[Stares into your eyes to hypnotize you with handsome British charm.] What do you desire, truly desire — besides Lucifer getting saved after a brutal Fox cancellation? Not much, actually. That sounds pretty nice. And praise be to the Antichrist: It’s exactly what happened! Thanks to a remarkable fan campaign to resurrect the Devil (Tom Ellis) and his LAPD pals on another network, Lucifer has returned for a shortened fourth season of celestial-procedural antics on Netflix. With the new season out in full today, Ellis is doing a victory lap of sorts as the newest inductee into the Revived Lead TV Characters Club, an experience he has described as the unforeseen thrill of a lifetime. In a recent chat with Vulture, he discussed what it was like during that monthlong cancellation purgatory, having new fun with nudity, and the ancient art of karaoke.
There was a month between Lucifer’s cancellation and revival. At that point, had you come to terms with its demise and gone through the five stages of grief, or was there always hope for divine intervention?
Gosh, it was such a weird time. When I initially found out about the cancellation, I was pretty gutted. I’ve become a fan of the show too and loved the story we were telling. We weren’t finished. I was gutted. The moment I started drawing peace from the whole thing was the moment when people found out the show had been canceled, and the response within minutes was so overwhelming. And it kept growing and growing and growing. Someone from Warner Bros. called me to say the company was looking for a new home for the show — just from the fan response. I did have a bit of hope, but I’ve also been in this game long enough where I realized there was, like, a 90 percent chance we weren’t coming back. The realistic people in my life kept reminding me of that. During that time I went to a lot of fan conventions, and people kept asking me what was happening. I was just like, “Keep believing and keep doing what you’re doing. It’s not going unnoticed.”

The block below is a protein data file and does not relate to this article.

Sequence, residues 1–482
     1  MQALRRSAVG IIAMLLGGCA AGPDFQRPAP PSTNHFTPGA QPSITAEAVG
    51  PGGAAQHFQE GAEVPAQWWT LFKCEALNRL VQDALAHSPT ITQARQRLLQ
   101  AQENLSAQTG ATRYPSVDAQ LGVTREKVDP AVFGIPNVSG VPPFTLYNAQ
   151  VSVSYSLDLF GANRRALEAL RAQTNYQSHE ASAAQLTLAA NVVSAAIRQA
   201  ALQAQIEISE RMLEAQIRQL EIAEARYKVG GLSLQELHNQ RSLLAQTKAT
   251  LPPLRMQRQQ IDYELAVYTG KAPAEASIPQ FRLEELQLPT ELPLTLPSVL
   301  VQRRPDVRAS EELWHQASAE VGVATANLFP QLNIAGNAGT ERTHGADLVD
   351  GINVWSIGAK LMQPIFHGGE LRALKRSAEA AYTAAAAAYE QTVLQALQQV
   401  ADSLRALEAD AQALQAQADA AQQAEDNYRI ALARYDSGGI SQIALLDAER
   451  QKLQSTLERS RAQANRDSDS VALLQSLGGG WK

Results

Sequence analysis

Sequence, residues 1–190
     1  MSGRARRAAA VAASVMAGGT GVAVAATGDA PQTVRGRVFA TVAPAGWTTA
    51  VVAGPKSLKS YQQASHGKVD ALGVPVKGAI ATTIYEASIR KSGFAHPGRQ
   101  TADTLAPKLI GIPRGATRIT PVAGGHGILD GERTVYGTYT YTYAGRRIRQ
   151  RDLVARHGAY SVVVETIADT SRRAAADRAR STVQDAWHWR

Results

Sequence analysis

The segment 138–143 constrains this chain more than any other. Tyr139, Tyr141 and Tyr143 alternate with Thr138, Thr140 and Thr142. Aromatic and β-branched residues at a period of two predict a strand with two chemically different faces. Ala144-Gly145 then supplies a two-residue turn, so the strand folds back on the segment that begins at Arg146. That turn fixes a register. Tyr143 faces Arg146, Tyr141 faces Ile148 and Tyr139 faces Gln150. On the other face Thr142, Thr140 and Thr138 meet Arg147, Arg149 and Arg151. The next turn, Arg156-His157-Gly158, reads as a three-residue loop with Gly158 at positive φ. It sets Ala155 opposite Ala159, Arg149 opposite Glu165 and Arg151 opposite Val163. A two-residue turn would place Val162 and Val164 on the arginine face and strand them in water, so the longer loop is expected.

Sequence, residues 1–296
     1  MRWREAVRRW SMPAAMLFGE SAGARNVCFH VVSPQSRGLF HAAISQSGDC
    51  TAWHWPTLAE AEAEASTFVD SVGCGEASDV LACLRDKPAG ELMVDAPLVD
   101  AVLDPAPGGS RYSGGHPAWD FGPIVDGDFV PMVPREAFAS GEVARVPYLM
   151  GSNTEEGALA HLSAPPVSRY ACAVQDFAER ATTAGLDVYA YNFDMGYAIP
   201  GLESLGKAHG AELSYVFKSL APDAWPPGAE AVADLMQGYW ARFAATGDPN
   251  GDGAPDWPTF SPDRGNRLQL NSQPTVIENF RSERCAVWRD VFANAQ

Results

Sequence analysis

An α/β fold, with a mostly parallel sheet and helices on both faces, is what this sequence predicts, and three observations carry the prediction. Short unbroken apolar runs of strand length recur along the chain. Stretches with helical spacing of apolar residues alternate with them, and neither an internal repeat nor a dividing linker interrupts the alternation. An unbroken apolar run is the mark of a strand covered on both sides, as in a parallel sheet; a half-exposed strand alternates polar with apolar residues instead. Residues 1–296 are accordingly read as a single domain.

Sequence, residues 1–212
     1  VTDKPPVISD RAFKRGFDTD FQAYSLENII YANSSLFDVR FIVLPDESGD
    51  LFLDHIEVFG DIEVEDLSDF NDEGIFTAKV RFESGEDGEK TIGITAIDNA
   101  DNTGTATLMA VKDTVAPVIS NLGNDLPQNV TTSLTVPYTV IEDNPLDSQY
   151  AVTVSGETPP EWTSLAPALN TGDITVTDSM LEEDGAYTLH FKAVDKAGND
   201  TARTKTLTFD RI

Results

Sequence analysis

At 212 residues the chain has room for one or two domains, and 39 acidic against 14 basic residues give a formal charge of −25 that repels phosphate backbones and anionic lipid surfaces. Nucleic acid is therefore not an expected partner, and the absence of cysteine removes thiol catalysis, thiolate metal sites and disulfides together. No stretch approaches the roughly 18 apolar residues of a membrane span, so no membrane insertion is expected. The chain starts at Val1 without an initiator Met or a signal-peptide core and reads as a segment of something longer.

It seemed to be getting more and more positive after that. The moment when it happened and I got the call we were saved, I broke down on the phone. I felt a sense of relief for everybody. [Laughs] These things don’t happen very often. It was a special moment for the show and for me as an actor. I’ll be forever grateful for that.
It’s a rare case of social media not doing something terrible for a change.
It’s true. My shows have been canceled so many times. When someone says it’s canceled, that’s it. Television has changed and evolved. We benefited from the evolution of TV, not only from streaming services but the fact that the fans are instantly present and their voices are heard. It’s not hidden behind a ratings system nobody understands.